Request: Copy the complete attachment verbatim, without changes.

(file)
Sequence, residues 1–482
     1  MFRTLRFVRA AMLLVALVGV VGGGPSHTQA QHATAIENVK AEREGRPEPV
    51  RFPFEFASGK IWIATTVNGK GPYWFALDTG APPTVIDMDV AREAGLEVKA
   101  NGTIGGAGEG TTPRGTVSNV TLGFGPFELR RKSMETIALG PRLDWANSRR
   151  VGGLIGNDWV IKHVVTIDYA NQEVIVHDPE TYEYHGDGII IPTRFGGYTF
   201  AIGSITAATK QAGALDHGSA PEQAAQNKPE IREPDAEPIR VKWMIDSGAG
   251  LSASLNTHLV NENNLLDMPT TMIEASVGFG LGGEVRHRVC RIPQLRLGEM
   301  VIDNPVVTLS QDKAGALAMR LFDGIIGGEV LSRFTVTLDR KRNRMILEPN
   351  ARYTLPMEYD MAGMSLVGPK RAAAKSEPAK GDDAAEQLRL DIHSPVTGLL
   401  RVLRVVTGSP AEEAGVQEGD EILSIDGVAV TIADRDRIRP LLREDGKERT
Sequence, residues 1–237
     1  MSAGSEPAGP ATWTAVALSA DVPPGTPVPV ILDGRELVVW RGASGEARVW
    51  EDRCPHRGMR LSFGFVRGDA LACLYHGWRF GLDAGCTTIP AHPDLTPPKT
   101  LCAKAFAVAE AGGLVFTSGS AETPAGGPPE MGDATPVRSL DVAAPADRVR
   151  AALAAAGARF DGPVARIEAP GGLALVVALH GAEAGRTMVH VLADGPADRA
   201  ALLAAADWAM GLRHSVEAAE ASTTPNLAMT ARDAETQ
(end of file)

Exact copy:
Sequence, residues 1–482
     1  MFRTLRFVRA AMLLVALVGV VGGGPSHTQA QHATAIENVK AEREGRPEPV
    51  RFPFEFASGK IWIATTVNGK GPYWFALDTG APPTVIDMDV AREAGLEVKA
   101  NGTIGGAGEG TTPRGTVSNV TLGFGPFELR RKSMETIALG PRLDWANSRR
   151  VGGLIGNDWV IKHVVTIDYA NQEVIVHDPE TYEYHGDGII IPTRFGGYTF
   201  AIGSITAATK QAGALDHGSA PEQAAQNKPE IREPDAEPIR VKWMIDSGAG
   251  LSASLNTHLV NENNLLDMPT TMIEASVGFG LGGEVRHRVC RIPQLRLGEM
   301  VIDNPVVTLS QDKAGALAMR LFDGIIGGEV LSRFTVTLDR KRNRMILEPN
   351  ARYTLPMEYD MAGMSLVGPK RAAAKSEPAK GDDAAEQLRL DIHSPVTGLL
   401  RVLRVVTGSP AEEAGVQEGD EILSIDGVAV TIADRDRIRP LLREDGKERT
Sequence, residues 1–237
     1  MSAGSEPAGP ATWTAVALSA DVPPGTPVPV ILDGRELVVW RGASGEARVW
    51  EDRCPHRGMR LSFGFVRGDA LACLYHGWRF GLDAGCTTIP AHPDLTPPKT
   101  LCAKAFAVAE AGGLVFTSGS AETPAGGPPE MGDATPVRSL DVAAPADRVR
   151  AALAAAGARF DGPVARIEAP GGLALVVALH GAEAGRTMVH VLADGPADRA
   201  ALLAAADWAM GLRHSVEAAE ASTTPNLAMT ARDAETQ